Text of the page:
Sometimes Republicans Can Work With a New York Democrat
Kiristen Gillibrand. Raise Your Voice, Change the World. New York: Ballantine Books, 2014.
The author hopes this book will inspire readers into “action” for better public policies. She shares her experiences and provides lessons she has learning in attempting to “create the counts we want and deserve.”
Gillibrand was inspired by her mother, Polly, a politically active woman. Both derives inspiration from her grandmother, also named Polly, who worked as a secretary for the New York state legislature. Her grandmother helped recruit secretaries and place then with legislators. Her grandmother wore roller skates to get around the Capitol. The grandmother was active with the Albany County Democratic Women’s Club and led a group who called themselves “Polly’s Girls”, who circulated petitions, organized rallies, campaigned, and fund raised. Polly was close to Albany’s Mayor Erastus Corning. Polly defended the local political organization, claiming it was not a political machine, remarking “It’s not a machine! It’s a well-oiled organization. A machine has no heart.”
GIllibrand went to Yale and then UCLA Law School. She found herself inspired hearing Hillary Clinton, which motivated her to go into politics. She held a fund raiser for Hillary Clinton’s Senate campaign She then was hired to work for the U.S. Housing and Urban Development Department.
Gillibrand decided to run for Congress. Political experts told her a Democrat couldn’t win in her district. She went to three campaign training schools. She took a poll that showed that while the Republican ncumbent John Sweeney led her by 57% to 19% that half the Republicans were undecided on the race. If she could do well with Democrats and pick up significant enough support among Independents and Republicans, she had a change even though the district was 2 to 1 Republican. She campaigned hard and won.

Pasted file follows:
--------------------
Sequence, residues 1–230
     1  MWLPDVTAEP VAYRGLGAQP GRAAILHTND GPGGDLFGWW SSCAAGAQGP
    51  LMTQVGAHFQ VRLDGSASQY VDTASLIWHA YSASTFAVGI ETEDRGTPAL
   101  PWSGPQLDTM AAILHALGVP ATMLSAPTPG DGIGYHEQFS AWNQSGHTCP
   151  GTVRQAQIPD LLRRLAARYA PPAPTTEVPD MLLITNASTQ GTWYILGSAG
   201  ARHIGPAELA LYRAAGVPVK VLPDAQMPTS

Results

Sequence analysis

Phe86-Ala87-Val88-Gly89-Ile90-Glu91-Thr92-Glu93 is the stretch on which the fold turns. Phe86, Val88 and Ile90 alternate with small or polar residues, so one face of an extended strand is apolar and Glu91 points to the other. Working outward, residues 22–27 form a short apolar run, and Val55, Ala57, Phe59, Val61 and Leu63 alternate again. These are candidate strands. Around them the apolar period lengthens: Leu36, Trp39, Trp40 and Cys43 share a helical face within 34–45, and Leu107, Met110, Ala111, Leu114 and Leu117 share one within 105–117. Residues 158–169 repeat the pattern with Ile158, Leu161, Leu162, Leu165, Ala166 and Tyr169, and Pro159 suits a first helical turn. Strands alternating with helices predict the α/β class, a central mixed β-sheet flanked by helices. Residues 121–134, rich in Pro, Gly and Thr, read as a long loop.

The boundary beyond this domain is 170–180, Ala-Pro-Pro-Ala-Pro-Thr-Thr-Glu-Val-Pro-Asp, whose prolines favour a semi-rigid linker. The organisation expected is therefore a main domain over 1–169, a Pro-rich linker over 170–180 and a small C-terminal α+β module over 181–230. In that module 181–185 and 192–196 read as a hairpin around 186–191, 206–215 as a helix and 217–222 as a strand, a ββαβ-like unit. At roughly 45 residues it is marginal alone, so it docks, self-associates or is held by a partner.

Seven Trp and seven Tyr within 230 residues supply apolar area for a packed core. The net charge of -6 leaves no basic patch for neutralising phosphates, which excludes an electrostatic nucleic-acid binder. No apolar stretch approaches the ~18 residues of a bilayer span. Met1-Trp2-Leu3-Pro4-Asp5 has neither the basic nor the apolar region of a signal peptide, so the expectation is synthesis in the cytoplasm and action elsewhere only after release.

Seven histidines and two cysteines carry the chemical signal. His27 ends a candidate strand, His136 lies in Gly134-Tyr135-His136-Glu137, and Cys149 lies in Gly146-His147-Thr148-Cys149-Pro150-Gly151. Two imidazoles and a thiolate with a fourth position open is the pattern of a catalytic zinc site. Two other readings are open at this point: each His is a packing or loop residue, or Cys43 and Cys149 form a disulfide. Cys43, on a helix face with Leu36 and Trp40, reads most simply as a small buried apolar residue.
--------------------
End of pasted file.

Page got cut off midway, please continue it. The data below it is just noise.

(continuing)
She supported Steny Hoyer over John Murtha for Majority Leader, much to the chagrin of Nancy Pelosi. She does not regret doing this.
In Congress, she fought to end the $25 bill for overhead charged for child support. She fought to ban unsafe drop side cribs. She fought for more care for veterans with post traumatic stress disorder. She fought for assistance for 9-11 first responders. She fought to repeal Don’t Ask, Don’t Tell and allowing gays to serve in the military. She sought more actions to prevent sexual abuse in the military.
She brought her children to work and allowed staff to bring their children to work. When she went to the Senate, the Senate rules did not allow her to bring her children onto the Senate floor. She had to figure out where to leave her children while voting.
Although she had only been in Congress for two years, she asked Governor David Patterson to consider naming her to the Senate vacancy left when Hillary Clinton left the Senate to become Secretary of State. She advises that women to “use that feminine strength”. to “trust yourself”, and “draw your own map”. It is alright for a woman to be ambitious, even as most women shy away from appearing ambitious. She told Governor Patterson being from upstate New York and having lived a decade in New York City that she could represent the entire state. She heard many of the other people interviewed had criticized each other and her remarks to the Governor were “I’ve heard the nastiest things about you! And you have reflected none of that. It makes me like you even more.” His staff asked many later questions on where she stood on several issues. Governor Patterson picked her.
In Congress, she represented a rural area with many hunters and had an “A” rating from the National Rifle Association. After becoming Senator, she met with people affected by gun violence and her opinions on guns evolved.
One of her earliest acts as Senator was to draft a bill to allow gays to serve in the military. The White House wanted someone with more seniority to sponsor the bill. She helped convince Senator Joe Lieberman to introduce the bill. He agreed and his support helped attract more support.
Many people who were first responders at the September 11 terrorist attack later developed illnesses, especially lung ailments. Gillibrand sought to provide them with medical benefits. This effort was successful.
Gillibrand fought for justice for those sexually abused by superiors while serving in the military. She was quickly joined by Senator Blumenthal, Boxer, Collins, and Mikulski. Senators Paul and Cruz also joined making the issue bipartisan. She continues with this fight.